22. Leo Sercombe is an ordinary young boy who dreams of being a carter, or one who raises and breaks horses for labor. He loves horses and has understood them from an early age. He dreams of working in the stables of the master one day. This book is v.e.r.y quiet and unremarkable even, lost in the day-to-day minutiae of farm labor, the description of farm and wagon parts and horse tack. But I kept reading, not really sure why. Leo intrigued me and I wanted to know what became of him. Then something [...]

    23. The year is 1911 and war has broken out across Europe. Somerset, England remains untouched due to it reliance on the seasons. Albert Sercombe is a farmer on lord Prideaux's estate where his eldest son, Leo, is a master rider who grew up beside the master's spirited daughter. The first part of the trilogy follows Leo away from home and into the First World war. The beautiful pastoral writing ensures the reader will follow the major characters as they change from a small village setting into the l [...]

    24. I have to say I was not impressed. This writer gets an A in writing. He does it beautifully. He gets a C in very long explanations of farm machinery. I enjoy knowing how something works, but there was simply too much unknown vocabulary for me to follow. He gets a Cminus for his dialogue that at times bordered on ununderstandable, if that is indeed a word. And he gets an F for a bad ending. I really felt cheated that I had plowed my way through this lyrically written but tedious book to find the [...]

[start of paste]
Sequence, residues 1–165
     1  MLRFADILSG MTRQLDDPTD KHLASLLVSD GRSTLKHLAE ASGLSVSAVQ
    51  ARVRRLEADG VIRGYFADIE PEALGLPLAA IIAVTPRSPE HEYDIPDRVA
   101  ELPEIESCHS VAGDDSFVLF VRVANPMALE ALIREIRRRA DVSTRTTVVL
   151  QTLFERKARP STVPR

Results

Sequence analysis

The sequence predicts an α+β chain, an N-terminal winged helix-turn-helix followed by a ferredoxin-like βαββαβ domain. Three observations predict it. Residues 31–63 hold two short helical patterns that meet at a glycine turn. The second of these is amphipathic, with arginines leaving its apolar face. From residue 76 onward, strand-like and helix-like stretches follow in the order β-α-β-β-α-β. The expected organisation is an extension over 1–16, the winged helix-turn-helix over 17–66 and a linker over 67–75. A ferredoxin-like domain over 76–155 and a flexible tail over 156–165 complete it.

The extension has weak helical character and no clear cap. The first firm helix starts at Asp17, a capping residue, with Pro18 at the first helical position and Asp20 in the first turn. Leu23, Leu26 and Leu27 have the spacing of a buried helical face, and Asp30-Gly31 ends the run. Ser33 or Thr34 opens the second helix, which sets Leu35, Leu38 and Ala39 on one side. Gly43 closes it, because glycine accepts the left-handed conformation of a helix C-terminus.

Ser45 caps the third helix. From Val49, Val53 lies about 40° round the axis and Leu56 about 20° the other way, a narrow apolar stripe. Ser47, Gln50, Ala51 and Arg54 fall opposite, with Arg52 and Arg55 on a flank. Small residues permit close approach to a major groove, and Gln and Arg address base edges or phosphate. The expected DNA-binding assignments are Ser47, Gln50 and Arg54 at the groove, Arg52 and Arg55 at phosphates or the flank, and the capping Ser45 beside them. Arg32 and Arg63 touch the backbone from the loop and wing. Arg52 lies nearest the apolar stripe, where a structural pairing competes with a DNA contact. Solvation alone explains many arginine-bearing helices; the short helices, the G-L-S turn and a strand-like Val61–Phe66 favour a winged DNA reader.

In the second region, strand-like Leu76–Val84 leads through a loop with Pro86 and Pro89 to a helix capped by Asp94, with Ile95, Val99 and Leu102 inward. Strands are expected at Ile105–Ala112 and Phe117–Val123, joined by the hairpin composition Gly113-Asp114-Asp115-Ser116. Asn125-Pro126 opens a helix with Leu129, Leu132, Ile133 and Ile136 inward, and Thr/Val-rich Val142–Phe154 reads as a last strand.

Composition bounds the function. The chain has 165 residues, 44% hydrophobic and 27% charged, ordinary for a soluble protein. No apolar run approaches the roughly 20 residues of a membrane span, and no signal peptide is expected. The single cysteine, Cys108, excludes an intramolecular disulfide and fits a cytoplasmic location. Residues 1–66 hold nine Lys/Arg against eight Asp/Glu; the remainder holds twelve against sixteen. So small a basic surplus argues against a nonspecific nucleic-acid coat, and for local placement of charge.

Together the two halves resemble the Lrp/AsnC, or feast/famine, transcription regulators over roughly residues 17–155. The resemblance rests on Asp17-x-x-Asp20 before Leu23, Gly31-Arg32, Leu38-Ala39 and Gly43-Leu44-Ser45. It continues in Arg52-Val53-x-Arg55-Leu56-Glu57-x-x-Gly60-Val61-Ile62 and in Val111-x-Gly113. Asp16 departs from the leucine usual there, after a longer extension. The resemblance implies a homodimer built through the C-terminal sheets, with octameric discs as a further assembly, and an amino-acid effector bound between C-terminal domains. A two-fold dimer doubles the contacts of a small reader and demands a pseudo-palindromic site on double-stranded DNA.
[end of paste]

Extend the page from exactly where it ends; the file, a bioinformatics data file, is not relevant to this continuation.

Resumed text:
25. This descriptive novel paints English country life prior to WWI. The protagonist, a boy on the verge of becoming an adult, is a quiet, introspective observer of all things around him. But he is especially focused on caring and training horses (his father is a carter for the manor). He meets the daughter of the manor lord and they share a love of horses. This is a coming of age novel, but also a picture of the hard life of farm workers in the early 20th century. The book is the first of a planned [...]

    26. This is a book about early-20th-century farming in England. Reading it is like watching grass grow.Almost nothing happens until the book ends with a brief description of an event with calamitous results. Yes, I want to know what happens next, but maybe not enough to read the next book in the trilogy if I'm go to have to sludge my way through so much tedium. I'm glad that I read the Kindle version so that I could just tap on each unfamiliar farming term to get a definition, and I didn't mind the [...]

    27. I received an ARC of this book in exchange for an honest review.Despite a quiet, slow start, this beautifully written and developed book gets better and better the further you read it. Set early in the 19th century, pre WWI, Leo, son of the gamekeeper has an affinity for horses, and follows his experiences with them. Such well developed characters will keep me looking for the next book in this projected trilogy.